Aponogeton henkelianus also known as Aponogeton madagascariensis var. henkelianus (common name 'Henkel lace plant') is also native to Madagascar. The tuber looks like a piece of black clay, very similar to Aponogeton longiplumulosus. The new leaves are purplish green when exposed to UV light, older ones are light green, 15-50 cm long and 1-3 cm wide, similar to Aponogeton madagascariensis. Inflorescence is soft pink, it divides into 2 or 3 panicles. It also has a dormant period. In the aquarium it needs clean water, free from algae which can damage the leaf and is visually unattractive. The first picture taken by Janos Agoston shows 3 or 4 year old tubers on a 1×1 cm grid.

Aponogeton henkelianus tuber, 1×1 cm grid, Janos Agoston

Aponogeton longiplumulosus is native to Magadascar. The tuber is black, or dark brown, slightly conical, the bottom is more or less flat. Leaves are slender wavy, 15-60 cm long, green. Similar to Aponogeton crispus, but the leaves are thinner and less fluted. Not a demanding plant. The first picture taken by Janos Agoston shows 3 or 4 year old tubers on a 1×1 cm grid.

Aponogeton longiplumulosus tuber, 1×1 cm grid, Janos Agoston

Aponogeton madagascariensis (common name 'Madagascar lace plant'), is native to Madagascar (hence the name). This plant is very distinct from all other species regarding the tuber, which is brown, about as thick as a pencil and branching. At first glance it looks like a rhizome, but rhizomes have roots even when dormant, while tubers loose their roots totally when entering dormancy. Foliage is similar to Aponogeton henkelianus, but the leaves are much wider 3-6 cm. This plant is studied by plant physiologists - just like Monstera deliciosa - to have a better understanding of programmed cell death. In bud stage the lamina is intact as any other leaf in general. But as the leaf expands and ages the cells between the veins start to collapse, making a fine netting. Most of the time the leaves are light to mid green, sometimes dark green maybe with a purplish flush on the young ones. This plant can be propagated vegetatively by dividing carefully the tuber, or by seed as all other Aponogeton species. It has the same inflorescence and needs as Aponogeton henkelianus. It is very susceptible to rot! The first picture taken by Janos Agoston shows 3 or 4 year old tubers on a 1×1 cm grid.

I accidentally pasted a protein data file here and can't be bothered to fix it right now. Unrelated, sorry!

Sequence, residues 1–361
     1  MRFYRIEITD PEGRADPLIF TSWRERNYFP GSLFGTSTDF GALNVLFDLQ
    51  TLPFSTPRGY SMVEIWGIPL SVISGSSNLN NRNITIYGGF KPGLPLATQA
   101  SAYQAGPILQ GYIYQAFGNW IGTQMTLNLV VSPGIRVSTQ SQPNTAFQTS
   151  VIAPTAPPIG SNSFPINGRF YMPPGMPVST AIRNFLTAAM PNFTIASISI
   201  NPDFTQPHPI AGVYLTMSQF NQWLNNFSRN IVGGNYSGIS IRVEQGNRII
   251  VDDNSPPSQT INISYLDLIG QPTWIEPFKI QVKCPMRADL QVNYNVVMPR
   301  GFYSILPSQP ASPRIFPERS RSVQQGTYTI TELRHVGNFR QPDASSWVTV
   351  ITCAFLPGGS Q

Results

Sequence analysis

Aponogeton madagascariensis tuber, 1×1 cm grid, Janos Agoston

Aponogeton ulvaceus is native to Madagascar. The tuber resembles an acorn, but the dead leaf bases are hard and fibrous, firmly attached to it, protecting the bud. Leaves are very wavy, lamina is undivided, light green, from 15-60 cm long and 4-10 cm wide. The inflorescence is one sometimes two panicles with a small green spathe, white or greenish; flowers freely. This is the fastest growing and most undemanding species available to aquarists. The first picture taken by Janos Agoston shows 3 or 4 year old tubers on a 1×1 cm grid. Picture 2 shows the inflorescence.

Aponogeton ulvaceus, 1×1 cm grid, Janos AgostonAponogeton ulvaceus inflorescence, Janos Agoston

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Page last modified on April 24, 2013, at 07:51 PM